The UK has been particularly active in this area in the last decade, introducing a host of initiatives and reforms in order to mobilise the use of procurement to support competitiveness and innovation (for a review see Uyarra et al., 2013). However, the implementation of such strategies and initiatives has been reported as being slow and fraught with difficulties. For instance, the Office for Government Commerce (OGC, 2004) noted that the public sector was failing to fully 'capture innovation' through procurement. In his review on creativity in business for HM Treasury, George Cox argued that, despite much progress in shifting the policy agenda, changing procurement practices remained an important challenge, a difficulty compounded by the fragmented nature of procurement in the UK (Cox, 2005). The 2008 'Innovation Nation' White Paper similarly concluded that "procuring innovative solutions has tended to be a low priority" (DIUS, 2008: p.23; see also Heseltine, 2012).

Indeed, despite a generalised optimism regarding the potential of procurement to stimulate commercial innovation, the challenges are considerable. This paper thus aims to better understand what prevents suppliers from proposing innovative solutions. A better acknowledgement of such barriers should facilitate an

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adapted and more differentiated policy response to make the procurement of innovation more effective when and where it is required.

2.2. Conditions for and barriers to capturing innovation through public procurement

Metcalfe and Georghiou (1997) pinpoint four dimensions underpinning innovation in firms: the awareness of the set of innovation opportunities, the capabilities to seize these opportunities, the set of resources they can command to innovate, and the incentive structures rewarding innovation. Procurement can influence these dimensions and thus encourage or hamper innovation in different ways, for instance through aggregating contracts, setting standards, dealing with intellectual property rights, engaging with suppliers to inform specifications, or enabling a level playing field through tendering procedures (OFT, 2002; Uyarra and Flanagan, 2010). A number of barriers can in turn prevent the public sector from 'capturing innovation'. These include inadequate early warning, lack of engagement between procurers and suppliers, overly prescriptive and burdensome procurement processes, risk aversion, and procurement capability shortfalls (OGC, 2004; House of Lords, 2011). This section discusses these barriers in detail and formulates some assumptions as to their perception by different types of suppliers. These assumptions are the yardstick against which we analyse our data.

2.2.1. Procurement capabilities

In comparison with the procurement of off-the-shelf goods for the lowest possible price, the procurement of innovation requires a greater degree of in-house competence (Rothwell and Zegveld, 1981). A shortage of commercial skills among procurers has been commonly found to limit engagement with the marketplace and the development of closer supply relations. In a survey of public procurers in small countries in Europe, Georghiou et al. (2010) identified a lack of sufficient procurement expertise for complex purchases involving innovation as well as an absence of formal training for procurers. In the UK, a review for the Cabinet Office by Green (2010) noted that commercial skills were very inconsistent across central government. Considerable corporate capability constraints have been identified for English local authorities (Byatt, 2001). Skill constraints in turn significantly hinder the adequate use of potentially more 'innovation-friendly' procurement procedures such as competitive dialogue (HM Treasury, 2010a). Indeed, as the HM Treasury (2010:p.7) notes: "the outcome of a procurement will be influenced as much by the capacity and capability of those party to the process as by the nature of the contract to be delivered".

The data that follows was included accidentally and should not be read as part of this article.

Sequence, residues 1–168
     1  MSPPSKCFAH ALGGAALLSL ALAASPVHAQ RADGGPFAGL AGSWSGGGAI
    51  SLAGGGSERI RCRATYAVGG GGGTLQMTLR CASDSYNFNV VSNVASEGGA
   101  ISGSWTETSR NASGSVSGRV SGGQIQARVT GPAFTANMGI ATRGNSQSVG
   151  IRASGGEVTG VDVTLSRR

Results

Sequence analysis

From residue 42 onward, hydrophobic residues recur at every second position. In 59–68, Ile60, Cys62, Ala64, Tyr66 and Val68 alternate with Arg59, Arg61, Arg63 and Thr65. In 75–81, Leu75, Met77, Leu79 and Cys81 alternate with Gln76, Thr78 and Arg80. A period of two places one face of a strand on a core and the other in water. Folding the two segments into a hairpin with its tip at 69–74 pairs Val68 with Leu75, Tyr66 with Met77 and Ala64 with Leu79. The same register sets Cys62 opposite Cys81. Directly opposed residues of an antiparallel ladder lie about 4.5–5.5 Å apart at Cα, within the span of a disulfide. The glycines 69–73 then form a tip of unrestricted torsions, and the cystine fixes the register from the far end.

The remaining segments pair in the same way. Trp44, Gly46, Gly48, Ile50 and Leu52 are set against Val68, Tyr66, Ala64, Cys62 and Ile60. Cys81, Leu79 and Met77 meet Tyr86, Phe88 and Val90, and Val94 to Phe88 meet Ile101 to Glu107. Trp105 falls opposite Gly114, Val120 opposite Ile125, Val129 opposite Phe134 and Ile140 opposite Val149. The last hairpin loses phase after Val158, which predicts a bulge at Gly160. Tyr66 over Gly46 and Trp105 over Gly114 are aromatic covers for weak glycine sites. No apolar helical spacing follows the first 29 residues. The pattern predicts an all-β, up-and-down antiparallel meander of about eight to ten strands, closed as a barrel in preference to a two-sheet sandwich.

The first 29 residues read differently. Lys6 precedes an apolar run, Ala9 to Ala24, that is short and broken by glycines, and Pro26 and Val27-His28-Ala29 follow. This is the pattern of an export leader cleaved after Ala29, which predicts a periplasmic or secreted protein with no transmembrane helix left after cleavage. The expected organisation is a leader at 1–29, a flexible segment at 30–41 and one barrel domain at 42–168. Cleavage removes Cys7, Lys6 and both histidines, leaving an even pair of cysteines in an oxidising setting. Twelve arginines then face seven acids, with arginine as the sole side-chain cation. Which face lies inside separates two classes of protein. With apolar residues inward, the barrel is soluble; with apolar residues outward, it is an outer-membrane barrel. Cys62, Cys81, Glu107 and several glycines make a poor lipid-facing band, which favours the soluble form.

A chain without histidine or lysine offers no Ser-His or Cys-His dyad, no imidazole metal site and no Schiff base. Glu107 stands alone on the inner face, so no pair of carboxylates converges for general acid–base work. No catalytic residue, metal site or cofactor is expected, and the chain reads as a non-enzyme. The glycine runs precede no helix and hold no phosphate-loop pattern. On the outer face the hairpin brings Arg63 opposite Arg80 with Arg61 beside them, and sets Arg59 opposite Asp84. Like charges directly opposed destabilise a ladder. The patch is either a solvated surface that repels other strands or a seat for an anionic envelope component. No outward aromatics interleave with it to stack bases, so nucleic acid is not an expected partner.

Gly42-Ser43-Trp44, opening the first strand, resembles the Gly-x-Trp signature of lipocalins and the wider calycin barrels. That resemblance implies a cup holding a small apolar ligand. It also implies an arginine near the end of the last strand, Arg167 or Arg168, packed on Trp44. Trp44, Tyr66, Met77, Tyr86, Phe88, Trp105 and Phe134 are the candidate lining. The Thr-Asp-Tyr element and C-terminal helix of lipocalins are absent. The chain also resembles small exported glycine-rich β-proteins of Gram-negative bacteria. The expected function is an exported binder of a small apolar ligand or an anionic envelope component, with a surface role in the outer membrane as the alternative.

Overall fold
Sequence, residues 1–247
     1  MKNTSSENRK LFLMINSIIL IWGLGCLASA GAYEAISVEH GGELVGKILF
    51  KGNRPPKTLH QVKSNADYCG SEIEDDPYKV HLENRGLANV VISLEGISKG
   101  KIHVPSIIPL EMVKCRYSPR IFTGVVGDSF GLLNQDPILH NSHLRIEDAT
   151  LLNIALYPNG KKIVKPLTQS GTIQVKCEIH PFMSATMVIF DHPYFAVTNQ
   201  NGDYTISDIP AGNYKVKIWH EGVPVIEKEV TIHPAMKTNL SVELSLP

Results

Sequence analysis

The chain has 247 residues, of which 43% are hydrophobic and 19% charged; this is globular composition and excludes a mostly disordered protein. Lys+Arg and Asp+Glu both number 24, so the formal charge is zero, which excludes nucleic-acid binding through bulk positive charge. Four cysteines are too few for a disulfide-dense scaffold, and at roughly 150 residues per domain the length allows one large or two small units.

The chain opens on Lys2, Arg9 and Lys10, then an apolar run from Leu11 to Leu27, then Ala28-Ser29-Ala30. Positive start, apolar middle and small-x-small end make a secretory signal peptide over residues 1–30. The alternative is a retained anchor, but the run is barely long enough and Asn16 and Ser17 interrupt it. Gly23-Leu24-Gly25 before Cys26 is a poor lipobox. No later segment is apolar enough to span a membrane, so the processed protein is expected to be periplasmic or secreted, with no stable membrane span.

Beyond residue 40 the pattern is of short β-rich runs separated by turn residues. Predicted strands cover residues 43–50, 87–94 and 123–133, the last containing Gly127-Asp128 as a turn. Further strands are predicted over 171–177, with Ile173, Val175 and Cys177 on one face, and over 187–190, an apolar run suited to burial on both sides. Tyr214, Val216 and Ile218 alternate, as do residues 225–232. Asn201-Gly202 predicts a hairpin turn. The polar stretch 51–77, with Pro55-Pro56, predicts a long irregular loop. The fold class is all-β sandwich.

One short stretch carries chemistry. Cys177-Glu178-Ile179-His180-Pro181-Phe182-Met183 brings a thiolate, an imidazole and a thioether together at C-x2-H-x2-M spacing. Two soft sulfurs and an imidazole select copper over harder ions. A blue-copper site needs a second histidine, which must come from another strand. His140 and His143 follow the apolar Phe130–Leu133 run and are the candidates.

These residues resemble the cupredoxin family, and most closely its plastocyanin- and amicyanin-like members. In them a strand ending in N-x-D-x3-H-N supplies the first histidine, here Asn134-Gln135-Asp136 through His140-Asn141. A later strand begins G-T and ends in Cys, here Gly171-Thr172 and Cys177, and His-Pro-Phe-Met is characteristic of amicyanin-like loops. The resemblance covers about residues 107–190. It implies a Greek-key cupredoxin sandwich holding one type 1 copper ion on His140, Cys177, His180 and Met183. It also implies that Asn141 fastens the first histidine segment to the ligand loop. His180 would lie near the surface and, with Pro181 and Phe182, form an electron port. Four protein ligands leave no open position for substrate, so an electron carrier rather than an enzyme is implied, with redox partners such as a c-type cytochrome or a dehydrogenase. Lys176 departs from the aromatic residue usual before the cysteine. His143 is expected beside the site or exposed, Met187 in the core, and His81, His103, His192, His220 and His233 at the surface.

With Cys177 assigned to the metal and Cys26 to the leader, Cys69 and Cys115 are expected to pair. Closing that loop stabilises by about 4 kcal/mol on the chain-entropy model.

Particularly at lower levels of governance and in procurement systems that are decentralised, there may be a shortage of professional procurers and therefore the lack of skills for innovative purchasing becomes an important challenge (Uyarra, 2010; OECD, 2011). Our assumption is that suppliers to areas of the public sector that are more fragmented, such as the National Health Service (NHS) and local government, would be particularly concerned about the capacity of procurers. Further, innovative firms and firms with a stronger commitment to R&D would be more sensitive to a perceived lack of expertise on the side of procurers and see it as a strong barrier to supplying innovative goods or services. We would also expect this barrier to be particularly acute in the procurement of complex goods and services such as construction related projects.